As a woman with a propensity to drink lots and lots of alchohol (the first time I got drunk, at age 14 off a six-pack of Zimas, I felt like liquid gold was pumping through my veins and wondered why no one had told me there’s magical potion out there and it’s legal and you can buy it at your local convenience store)m, I’m never surprised by studies reporting the fact that people are drinking a lot. But as a person who is trying to be a functioning member of society who’s not perpetually alternating between a mild poison-induced euphoria and permanent hangover, I’m intrigued and disturbed to hear people are more desperate than ever to escape reality. But I’m not surprised.
A study conducted by the National Institute on Alcohol Abuse and Alcoholism, reported by Time (so you know it’s reputable), says we have a “public health crisis” on our double-fisting hands. They compared two groups of people from two different recent eras: One from 2001-2002, another from 2012-2013. Apparently, a decade makes a substantial difference: 11% of an alchol-consuming increase, to be exact. But it’s what’s considered to be “high-risk drinking,” defined by having at least four or five drinks per day at least once a week, that’s increased by 30% – and that’s kind of a lot. Also known as binge-drinking, it’s up in men by 15% and women by a whopping 60%. Theories on what’s inspired more women to order a fourth margarita or guzzle their own entire damn bottle of Barolo (let’s try to get away from the “ladies love to drink Chardonnay” cliché, please) – because, let’s remember, a full bottle of wine contains just under six glasses – include typical socioecomomic factors: “Unemployment, residential segregation, discrimination, decreased access to health care, and increased stigma associated with drinking.” Well, the last one certainly makes sense: You drink in order to forget you’re being judged for drinking. Or maybe we’re just bored.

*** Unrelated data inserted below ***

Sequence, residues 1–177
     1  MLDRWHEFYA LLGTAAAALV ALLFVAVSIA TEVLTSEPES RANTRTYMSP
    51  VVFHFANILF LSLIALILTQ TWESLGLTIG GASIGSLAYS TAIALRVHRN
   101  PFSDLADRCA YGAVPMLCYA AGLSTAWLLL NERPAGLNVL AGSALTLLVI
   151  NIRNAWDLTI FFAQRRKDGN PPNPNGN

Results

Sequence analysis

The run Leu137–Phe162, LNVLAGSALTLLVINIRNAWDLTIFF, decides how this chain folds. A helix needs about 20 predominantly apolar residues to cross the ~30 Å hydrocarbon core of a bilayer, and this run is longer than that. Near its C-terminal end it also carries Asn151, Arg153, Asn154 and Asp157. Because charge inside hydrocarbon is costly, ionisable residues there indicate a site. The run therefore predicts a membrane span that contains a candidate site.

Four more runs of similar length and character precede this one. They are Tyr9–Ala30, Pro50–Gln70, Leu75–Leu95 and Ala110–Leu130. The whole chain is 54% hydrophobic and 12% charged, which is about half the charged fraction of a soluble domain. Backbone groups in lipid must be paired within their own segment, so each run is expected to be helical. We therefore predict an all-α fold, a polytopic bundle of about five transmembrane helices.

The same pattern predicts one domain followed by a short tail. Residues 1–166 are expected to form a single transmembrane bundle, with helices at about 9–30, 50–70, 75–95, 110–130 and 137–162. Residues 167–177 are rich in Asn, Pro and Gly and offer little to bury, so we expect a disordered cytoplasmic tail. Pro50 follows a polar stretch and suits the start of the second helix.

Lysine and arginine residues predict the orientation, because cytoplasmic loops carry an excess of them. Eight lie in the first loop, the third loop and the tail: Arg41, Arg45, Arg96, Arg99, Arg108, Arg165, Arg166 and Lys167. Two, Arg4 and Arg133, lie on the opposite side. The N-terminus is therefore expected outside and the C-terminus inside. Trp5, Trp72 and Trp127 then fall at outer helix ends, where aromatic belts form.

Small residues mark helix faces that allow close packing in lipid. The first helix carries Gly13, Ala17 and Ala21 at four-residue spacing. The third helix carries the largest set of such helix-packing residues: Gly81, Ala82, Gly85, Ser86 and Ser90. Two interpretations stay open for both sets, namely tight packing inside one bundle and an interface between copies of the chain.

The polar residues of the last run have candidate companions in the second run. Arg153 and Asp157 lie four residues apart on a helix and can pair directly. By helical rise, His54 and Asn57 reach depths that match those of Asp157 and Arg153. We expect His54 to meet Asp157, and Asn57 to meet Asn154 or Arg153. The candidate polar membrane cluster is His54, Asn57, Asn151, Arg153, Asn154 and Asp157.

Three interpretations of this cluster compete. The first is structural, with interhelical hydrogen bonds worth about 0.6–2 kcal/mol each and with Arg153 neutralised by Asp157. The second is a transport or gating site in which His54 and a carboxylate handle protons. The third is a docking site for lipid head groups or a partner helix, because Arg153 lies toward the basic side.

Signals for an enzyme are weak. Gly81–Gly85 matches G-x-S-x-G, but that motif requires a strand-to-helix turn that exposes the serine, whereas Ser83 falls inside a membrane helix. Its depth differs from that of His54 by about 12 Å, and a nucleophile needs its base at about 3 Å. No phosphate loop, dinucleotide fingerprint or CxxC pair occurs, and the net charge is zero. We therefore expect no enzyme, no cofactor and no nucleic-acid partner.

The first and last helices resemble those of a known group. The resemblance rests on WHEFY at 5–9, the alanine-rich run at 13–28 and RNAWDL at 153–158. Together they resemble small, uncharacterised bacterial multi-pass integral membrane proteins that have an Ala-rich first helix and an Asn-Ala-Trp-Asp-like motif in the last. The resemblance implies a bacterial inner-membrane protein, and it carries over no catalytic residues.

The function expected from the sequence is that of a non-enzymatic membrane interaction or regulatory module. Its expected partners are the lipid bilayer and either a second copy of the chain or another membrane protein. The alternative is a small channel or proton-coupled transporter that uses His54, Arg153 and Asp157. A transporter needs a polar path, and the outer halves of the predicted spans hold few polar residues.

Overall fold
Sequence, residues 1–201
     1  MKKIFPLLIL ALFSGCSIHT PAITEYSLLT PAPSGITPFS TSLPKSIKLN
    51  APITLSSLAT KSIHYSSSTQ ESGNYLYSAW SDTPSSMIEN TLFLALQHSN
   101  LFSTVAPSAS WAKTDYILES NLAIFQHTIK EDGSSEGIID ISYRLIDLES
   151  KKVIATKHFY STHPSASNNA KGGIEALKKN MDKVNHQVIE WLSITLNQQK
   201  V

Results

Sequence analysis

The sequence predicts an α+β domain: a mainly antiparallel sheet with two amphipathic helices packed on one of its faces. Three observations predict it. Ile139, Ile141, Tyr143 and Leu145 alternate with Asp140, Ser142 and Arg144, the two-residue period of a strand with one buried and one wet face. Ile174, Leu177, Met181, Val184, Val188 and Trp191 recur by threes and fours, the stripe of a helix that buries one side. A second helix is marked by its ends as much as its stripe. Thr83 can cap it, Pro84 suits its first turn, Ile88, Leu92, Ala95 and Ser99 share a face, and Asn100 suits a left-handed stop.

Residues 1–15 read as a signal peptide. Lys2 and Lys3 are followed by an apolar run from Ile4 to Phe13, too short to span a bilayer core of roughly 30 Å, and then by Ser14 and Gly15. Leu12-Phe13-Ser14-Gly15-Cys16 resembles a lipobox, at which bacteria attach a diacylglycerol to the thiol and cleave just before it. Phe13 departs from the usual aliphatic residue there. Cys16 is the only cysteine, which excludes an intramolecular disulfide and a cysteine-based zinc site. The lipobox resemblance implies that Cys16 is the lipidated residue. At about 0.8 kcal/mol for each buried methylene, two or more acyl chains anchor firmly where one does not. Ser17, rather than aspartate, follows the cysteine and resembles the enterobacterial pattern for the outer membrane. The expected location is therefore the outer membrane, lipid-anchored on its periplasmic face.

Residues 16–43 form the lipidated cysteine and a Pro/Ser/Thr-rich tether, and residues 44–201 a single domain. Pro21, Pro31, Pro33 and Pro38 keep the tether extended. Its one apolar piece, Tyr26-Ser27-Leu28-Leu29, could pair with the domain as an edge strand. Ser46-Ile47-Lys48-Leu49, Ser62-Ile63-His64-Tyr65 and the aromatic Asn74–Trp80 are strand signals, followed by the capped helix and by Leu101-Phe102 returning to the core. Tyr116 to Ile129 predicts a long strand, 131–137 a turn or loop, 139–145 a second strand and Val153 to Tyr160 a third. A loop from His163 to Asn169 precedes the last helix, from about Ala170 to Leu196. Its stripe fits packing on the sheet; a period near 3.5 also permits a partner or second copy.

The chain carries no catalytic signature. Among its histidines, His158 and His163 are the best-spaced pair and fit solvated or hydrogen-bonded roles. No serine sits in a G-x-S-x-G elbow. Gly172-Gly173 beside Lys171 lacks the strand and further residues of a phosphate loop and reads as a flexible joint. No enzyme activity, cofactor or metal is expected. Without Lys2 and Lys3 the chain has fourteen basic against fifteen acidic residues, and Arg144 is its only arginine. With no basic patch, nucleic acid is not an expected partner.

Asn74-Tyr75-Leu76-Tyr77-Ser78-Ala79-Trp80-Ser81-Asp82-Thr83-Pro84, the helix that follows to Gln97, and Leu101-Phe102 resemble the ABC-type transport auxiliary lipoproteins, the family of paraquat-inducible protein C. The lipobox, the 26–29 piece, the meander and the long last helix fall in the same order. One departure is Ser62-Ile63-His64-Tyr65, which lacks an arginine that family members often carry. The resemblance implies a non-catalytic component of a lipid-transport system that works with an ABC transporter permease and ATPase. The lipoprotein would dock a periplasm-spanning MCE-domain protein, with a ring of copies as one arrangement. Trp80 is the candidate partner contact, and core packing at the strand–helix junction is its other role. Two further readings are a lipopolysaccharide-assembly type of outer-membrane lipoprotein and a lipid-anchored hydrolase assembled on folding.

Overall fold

On the flip side, there is some good news for my fellow lushes: Yet another (more encouraging) study indicates those who drink in moderate amounts seem to have a lower risk of several – not all, mind you – heart conditions, including heart failure and stroke, compared to their stone-cold sober counterparts. The U.K.-based study of nearly two million people determined women who have one drink a day and men who have two, are the best off, heart-wise. Science: Sometimes it gives you the answers you want to hear, but apparently men will always get the blessing to knock back one more. Just don’t tell that to Queen Elizabeth II, not that she cares what you or your study think.